China ambassador: Hacking sanctions could hurt Xi visit

China ambassador: Hacking sanctions could hurt Xi visit
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China’s ambassador to the United States is warning that sanctioning Beijing for hacking the U.S. government would be counterproductive ahead of Chinese President Xi Jinping’s Washington visit at the end of the month.

The White House is reportedly on the precipice of unveiling economic sanctions against China for hacking U.S. companies, and potentially for orchestrating the massive digital theft of over 20 million federal workers’ data from the Office of Personnel Management (OPM).


Such punishments would come at a pivotal time for the U.S.-China relationship. Later this month, Xi will make his first official trip as president to Washington for a series of high-level meetings.

Both sides have been trying to remain on good terms ahead of the visit, despite ongoing disputes over China’s recent currency devaluation and territorial claims in the South China Sea, in addition to growing cyber tensions.

Chinese Ambassador to the United States Cui Tiankai argued hacking sanctions could help derail the meetings.

Such punishments would be non-constructive, Cui said, according to China Daily, a state news outlet.

“This means that China and the U.S. have every reason to conduct more communications and cooperation in this regard, instead of moving towards conflict and confrontation," the ambassador told reporters over the weekend. "I hope the U.S. side will make a smart choice."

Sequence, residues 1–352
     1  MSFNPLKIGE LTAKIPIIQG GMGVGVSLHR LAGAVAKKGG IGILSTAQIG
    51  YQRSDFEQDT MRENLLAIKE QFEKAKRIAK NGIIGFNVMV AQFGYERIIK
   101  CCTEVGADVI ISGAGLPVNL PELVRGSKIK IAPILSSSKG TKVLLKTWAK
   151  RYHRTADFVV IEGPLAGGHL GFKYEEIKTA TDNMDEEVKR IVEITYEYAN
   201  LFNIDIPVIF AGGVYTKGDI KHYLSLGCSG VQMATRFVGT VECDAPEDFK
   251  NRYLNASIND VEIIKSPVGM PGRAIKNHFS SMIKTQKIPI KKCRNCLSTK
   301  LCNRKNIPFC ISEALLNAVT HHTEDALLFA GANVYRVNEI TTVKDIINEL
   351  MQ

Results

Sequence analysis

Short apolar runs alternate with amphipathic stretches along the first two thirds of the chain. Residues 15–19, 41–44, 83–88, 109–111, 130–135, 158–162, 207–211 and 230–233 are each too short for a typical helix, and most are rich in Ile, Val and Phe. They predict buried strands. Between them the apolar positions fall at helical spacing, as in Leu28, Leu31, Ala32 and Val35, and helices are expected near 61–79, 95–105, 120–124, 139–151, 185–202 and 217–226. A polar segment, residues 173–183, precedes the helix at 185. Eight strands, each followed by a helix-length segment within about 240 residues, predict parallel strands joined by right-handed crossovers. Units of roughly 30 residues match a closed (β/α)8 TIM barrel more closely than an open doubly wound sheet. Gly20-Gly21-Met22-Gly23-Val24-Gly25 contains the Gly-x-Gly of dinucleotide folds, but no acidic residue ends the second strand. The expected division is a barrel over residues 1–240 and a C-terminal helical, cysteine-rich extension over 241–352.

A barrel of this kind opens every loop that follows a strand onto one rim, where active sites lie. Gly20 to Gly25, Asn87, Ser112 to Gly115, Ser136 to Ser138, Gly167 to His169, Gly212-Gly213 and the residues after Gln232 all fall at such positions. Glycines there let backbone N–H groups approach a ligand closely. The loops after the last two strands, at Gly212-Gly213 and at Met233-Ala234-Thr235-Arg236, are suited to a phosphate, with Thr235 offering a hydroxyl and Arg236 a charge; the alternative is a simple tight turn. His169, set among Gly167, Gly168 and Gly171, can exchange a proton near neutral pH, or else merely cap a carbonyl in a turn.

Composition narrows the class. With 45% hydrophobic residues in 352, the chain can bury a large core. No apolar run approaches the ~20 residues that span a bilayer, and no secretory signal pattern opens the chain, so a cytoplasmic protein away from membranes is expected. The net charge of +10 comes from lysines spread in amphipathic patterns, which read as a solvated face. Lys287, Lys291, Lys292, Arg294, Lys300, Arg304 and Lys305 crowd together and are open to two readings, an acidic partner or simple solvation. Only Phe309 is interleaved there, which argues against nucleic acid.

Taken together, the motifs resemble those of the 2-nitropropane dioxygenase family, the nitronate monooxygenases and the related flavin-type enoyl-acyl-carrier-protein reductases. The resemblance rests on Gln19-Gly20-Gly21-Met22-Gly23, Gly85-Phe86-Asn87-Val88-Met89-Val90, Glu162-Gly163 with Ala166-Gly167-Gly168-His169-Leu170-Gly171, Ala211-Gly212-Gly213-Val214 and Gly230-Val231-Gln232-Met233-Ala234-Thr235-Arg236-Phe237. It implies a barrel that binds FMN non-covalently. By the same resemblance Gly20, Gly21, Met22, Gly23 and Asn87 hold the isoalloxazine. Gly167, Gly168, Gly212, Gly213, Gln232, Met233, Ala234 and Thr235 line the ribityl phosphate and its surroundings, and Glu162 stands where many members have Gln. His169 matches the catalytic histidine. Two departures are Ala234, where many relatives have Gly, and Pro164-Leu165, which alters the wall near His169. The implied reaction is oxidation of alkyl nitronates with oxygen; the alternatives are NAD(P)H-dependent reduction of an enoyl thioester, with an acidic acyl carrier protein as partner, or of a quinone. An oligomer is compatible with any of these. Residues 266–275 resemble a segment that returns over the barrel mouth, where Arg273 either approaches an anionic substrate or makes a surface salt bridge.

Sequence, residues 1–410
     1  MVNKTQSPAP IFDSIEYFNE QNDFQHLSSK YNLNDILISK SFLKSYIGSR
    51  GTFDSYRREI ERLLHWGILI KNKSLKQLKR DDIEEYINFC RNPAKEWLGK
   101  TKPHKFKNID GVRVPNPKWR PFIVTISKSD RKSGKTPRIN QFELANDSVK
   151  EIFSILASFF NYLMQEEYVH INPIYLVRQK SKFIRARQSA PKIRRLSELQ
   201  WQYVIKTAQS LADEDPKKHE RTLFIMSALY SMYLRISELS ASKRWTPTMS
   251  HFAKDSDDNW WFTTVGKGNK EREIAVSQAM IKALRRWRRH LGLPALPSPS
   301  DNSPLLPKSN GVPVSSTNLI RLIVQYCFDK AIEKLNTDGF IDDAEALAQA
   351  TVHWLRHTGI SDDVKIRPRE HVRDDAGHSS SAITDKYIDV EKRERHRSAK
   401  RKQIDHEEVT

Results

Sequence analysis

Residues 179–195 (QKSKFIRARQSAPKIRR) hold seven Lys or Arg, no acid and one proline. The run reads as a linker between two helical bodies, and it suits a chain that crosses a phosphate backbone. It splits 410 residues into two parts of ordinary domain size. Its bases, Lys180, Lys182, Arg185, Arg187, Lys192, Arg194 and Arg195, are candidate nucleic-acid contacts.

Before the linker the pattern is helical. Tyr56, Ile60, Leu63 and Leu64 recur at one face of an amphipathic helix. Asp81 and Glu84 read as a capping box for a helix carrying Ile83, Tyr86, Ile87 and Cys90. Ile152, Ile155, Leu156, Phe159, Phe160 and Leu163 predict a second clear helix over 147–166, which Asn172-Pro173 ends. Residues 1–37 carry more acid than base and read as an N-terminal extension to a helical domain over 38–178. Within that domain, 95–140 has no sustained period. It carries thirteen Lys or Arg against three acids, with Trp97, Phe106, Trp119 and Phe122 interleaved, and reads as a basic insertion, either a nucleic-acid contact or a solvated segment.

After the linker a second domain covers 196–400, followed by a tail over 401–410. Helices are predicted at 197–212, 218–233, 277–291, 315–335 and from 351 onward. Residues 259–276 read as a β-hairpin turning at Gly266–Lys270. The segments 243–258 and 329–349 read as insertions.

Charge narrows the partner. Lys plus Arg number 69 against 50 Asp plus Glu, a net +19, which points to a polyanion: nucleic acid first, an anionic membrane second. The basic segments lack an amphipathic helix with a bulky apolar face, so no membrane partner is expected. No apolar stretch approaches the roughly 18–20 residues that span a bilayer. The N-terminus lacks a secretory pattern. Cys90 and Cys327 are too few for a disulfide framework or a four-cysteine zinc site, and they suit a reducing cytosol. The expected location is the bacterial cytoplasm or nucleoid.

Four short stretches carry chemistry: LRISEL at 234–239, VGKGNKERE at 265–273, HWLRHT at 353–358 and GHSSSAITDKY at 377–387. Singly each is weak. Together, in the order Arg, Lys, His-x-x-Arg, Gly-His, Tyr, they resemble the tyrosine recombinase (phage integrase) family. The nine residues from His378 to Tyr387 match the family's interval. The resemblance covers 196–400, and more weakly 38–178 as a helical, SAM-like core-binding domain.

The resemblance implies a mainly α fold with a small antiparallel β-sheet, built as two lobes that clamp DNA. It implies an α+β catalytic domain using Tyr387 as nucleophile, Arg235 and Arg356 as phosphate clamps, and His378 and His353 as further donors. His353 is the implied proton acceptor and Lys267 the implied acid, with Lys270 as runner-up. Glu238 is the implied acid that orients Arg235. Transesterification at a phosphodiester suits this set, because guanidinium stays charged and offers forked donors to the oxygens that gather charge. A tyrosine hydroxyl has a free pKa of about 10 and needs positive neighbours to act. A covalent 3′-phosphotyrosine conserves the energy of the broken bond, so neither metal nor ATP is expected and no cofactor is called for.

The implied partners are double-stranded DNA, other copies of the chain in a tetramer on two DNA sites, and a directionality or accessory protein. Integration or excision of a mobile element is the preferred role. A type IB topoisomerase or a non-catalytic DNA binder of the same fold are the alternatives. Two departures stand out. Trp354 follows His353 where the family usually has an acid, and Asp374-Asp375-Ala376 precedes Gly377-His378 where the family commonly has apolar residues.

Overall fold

Despite leaked comments from unnamed White House officials over the last week indicating sanctions were on the way, experts believe the penalties will target Chinese companies, not the government.

The actions would also likely avoid mentioning the OPM hacks.

“[OPM] is something that the federal government looks at as a legitimate intelligence target that we as a government failed to protect,” Rob Knake, a former White House cyber official and senior fellow at the Council on Foreign Relations, told The Hill last week. “It does not fall outside the bounds of what intelligence agencies traditionally want to know.”

Cui believes China and the U.S. are best served by focusing on their areas of agreement.

“Our common interests clearly outweigh our differences,” he said. “Only by doing this can China-U.S. relations be kept on a healthy, stable and sustainable path.”